A former director-general with the Ministry of Defence has claimed the EU would have to be "crazy" to frustrate the negotiations over a security collaboration because of the "free gift" it gets in terms of intelligence-sharing.
The Government published details of its plans for post-Brexit security collaboration with the EU on Monday (September 19).
The document makes clear that the new collaboration treaty must be underpinned by a new legal framework, as the UK would leave the European Court of Justice - something Theresa May has previously said will definitely happen.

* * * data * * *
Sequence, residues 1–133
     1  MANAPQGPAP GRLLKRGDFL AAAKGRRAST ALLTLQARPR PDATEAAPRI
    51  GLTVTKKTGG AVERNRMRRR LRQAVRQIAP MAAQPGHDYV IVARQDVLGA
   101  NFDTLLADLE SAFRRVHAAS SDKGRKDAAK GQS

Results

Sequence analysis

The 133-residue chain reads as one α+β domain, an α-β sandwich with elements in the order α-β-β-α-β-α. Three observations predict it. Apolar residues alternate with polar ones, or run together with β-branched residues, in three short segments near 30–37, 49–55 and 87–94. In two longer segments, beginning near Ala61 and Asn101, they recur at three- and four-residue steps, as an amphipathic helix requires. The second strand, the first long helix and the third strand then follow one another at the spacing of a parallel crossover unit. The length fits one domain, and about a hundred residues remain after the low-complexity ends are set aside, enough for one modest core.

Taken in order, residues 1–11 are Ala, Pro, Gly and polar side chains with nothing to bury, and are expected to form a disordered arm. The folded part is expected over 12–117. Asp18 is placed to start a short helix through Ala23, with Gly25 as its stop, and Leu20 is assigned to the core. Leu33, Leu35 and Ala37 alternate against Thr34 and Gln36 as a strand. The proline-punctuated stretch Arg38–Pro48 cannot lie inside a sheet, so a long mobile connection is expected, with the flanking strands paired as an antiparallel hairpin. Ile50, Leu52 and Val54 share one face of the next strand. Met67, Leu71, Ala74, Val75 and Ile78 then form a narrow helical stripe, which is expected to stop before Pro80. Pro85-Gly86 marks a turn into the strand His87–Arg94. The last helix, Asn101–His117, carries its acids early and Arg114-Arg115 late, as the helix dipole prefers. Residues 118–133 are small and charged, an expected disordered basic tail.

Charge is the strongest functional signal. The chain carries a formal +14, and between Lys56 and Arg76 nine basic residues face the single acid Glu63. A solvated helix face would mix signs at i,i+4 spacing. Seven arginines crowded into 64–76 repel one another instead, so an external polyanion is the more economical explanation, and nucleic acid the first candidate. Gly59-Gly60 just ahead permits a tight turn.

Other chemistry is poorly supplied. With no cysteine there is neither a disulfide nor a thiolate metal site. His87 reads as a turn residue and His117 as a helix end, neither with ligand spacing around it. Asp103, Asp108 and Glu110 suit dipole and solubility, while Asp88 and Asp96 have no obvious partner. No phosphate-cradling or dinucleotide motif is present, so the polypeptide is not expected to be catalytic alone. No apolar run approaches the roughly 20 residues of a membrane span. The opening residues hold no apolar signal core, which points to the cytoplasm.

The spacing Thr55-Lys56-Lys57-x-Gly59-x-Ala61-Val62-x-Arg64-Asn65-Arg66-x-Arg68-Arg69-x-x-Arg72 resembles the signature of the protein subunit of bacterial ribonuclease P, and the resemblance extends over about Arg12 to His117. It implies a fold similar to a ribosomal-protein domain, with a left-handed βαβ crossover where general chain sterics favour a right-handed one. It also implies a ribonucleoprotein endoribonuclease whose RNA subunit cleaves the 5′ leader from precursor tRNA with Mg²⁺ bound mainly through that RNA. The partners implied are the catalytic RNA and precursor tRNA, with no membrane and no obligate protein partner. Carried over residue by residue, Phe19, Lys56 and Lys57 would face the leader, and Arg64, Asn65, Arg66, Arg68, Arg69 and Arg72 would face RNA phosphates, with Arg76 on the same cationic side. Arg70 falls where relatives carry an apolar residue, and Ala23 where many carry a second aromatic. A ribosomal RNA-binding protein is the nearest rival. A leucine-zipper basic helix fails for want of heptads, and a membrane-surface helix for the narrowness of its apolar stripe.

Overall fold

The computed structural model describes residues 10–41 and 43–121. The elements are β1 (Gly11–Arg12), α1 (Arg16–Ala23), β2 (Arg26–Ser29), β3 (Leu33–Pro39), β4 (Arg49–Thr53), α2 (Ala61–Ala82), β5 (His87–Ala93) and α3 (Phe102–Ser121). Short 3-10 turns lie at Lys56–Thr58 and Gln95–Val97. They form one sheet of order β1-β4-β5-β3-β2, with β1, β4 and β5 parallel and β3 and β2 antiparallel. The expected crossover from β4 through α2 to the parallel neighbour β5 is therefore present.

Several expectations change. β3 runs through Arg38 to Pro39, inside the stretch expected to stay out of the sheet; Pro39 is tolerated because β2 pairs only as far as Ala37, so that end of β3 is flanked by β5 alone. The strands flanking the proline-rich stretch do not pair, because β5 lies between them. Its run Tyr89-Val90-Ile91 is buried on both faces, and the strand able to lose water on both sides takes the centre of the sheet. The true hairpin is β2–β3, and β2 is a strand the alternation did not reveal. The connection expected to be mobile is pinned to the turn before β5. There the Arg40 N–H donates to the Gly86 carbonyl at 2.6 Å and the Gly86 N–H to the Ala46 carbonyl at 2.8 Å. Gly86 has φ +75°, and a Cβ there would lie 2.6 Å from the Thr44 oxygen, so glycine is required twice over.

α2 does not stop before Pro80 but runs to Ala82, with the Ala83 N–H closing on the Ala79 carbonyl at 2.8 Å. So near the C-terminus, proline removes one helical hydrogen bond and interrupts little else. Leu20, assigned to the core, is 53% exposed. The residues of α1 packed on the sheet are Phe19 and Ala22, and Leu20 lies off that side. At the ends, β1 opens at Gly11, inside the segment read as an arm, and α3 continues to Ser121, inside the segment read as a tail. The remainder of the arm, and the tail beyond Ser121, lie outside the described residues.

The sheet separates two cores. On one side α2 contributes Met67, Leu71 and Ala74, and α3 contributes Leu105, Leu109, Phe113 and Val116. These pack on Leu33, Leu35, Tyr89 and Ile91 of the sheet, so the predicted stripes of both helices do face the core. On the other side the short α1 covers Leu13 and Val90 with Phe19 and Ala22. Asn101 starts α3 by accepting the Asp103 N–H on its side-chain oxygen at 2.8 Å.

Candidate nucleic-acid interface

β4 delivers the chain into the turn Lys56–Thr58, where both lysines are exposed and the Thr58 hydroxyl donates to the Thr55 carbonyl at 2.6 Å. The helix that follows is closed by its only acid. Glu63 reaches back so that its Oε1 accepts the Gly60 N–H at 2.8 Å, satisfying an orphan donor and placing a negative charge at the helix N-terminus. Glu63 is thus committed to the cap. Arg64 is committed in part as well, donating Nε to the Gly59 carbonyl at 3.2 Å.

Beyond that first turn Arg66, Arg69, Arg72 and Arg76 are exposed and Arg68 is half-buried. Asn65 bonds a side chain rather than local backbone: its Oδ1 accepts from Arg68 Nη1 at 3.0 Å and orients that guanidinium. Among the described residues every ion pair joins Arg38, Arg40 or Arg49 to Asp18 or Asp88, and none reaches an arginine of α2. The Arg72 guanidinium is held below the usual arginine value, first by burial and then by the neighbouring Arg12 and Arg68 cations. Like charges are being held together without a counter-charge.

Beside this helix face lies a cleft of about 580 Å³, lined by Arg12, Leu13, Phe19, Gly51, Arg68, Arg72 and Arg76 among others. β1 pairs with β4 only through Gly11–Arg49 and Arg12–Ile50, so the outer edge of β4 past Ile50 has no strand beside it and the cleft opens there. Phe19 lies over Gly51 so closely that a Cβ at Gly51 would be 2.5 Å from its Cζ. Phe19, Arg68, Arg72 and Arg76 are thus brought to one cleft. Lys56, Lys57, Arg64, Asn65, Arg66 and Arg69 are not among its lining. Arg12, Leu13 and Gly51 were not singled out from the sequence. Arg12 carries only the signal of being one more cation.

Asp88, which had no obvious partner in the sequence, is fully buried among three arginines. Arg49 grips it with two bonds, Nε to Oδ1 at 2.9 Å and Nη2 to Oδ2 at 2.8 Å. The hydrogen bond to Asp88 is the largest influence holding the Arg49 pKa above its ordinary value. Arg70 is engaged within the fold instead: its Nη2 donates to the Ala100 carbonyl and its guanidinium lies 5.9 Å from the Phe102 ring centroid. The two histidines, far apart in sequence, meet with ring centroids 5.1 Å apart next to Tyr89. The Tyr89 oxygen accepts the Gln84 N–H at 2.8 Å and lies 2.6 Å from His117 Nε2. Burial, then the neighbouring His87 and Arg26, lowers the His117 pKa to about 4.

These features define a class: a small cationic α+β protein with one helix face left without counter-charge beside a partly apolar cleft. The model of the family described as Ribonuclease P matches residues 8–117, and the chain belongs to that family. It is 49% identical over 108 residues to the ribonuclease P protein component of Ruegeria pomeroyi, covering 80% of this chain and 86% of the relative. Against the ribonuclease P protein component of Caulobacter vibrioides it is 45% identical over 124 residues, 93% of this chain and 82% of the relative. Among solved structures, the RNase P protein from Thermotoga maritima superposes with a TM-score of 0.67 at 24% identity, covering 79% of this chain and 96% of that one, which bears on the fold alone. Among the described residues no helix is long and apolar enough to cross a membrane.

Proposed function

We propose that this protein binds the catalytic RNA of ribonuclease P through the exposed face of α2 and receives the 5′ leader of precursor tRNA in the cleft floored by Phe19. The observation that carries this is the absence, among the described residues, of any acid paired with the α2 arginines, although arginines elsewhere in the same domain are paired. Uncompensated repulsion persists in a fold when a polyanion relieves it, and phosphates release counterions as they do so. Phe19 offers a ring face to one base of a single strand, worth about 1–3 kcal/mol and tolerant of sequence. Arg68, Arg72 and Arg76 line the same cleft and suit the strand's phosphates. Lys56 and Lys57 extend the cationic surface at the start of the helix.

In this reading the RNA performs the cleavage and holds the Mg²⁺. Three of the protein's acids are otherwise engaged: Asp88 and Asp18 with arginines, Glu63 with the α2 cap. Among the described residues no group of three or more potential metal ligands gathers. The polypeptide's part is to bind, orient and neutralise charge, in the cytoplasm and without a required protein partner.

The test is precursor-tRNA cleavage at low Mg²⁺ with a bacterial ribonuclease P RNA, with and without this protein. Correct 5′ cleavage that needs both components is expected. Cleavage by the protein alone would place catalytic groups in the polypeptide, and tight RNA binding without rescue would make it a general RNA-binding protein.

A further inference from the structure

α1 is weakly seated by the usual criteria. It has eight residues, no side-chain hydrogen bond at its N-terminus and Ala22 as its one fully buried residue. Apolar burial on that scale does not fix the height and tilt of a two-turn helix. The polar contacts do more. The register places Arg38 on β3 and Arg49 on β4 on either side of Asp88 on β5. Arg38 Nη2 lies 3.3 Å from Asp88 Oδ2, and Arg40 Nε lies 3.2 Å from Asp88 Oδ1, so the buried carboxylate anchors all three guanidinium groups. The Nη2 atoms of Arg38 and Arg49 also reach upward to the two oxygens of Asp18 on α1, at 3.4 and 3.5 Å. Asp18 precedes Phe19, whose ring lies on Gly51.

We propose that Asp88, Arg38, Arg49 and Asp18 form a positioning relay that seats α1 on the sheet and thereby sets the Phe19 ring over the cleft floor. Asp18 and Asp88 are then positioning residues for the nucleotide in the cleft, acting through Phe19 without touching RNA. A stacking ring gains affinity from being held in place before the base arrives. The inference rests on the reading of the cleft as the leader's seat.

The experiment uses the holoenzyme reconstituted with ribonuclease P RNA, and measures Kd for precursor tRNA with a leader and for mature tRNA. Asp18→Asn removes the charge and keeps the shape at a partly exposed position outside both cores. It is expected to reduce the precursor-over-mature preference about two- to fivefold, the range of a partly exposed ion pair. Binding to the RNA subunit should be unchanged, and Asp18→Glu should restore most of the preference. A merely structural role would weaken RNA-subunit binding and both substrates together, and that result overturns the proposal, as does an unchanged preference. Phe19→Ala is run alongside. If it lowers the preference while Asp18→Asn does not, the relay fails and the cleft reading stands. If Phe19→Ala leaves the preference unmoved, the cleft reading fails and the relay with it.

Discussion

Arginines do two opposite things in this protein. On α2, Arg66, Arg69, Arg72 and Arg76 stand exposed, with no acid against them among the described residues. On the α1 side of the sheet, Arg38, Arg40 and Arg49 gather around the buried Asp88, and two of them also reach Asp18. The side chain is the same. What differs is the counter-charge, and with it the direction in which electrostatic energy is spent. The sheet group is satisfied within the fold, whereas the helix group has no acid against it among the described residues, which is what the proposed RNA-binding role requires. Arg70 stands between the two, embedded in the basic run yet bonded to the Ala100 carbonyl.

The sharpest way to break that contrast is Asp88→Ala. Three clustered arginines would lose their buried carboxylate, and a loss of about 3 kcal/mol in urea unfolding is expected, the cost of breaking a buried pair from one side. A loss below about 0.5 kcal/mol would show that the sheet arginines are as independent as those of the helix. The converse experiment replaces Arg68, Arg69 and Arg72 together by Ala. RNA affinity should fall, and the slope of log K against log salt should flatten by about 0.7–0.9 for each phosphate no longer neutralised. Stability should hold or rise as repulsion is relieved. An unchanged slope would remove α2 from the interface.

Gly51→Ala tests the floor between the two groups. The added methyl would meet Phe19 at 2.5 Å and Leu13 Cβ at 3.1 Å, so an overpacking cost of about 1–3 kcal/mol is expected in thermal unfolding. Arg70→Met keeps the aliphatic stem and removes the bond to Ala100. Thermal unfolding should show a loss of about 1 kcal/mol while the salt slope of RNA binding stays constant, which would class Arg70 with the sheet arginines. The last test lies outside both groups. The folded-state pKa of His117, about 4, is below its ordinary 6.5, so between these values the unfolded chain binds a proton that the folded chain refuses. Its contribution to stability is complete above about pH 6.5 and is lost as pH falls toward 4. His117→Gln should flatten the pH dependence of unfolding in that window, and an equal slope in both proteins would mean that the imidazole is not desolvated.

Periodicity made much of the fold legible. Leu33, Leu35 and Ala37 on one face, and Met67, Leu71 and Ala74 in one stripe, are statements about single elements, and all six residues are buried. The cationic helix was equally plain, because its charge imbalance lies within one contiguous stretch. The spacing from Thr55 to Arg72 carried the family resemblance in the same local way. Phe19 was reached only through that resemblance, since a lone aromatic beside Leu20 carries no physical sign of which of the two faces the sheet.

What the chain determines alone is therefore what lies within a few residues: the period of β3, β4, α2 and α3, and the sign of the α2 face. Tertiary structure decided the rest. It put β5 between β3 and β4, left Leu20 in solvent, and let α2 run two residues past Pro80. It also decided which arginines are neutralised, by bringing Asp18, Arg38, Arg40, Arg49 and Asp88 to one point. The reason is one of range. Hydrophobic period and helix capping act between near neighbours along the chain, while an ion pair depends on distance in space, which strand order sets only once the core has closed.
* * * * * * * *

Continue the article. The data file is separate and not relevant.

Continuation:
Chris Parry, a retired naval officer who previously served as the MoD's director-general of development, concepts and doctrine, said the EU would "have to be crazy" to drag their heels on this, considering what the EU already gets from the UK.
He told Julia Hartley-Brewer: "They’d be cutting the nose off to spite the face.
"They’ll deny themselves all sorts of advantages in countering terror, criminality, money laundering, child abuse, all of these issues which are important at the moment.
"I don’t see the Europeans walking away from what is a free gift in many ways. Security in some ways is above these issues, it’s important enough to transcend some of the squabbling and minor issues associated with the negotiation.
"They won’t force this issue [of the ECJ] on a much broader negotiation."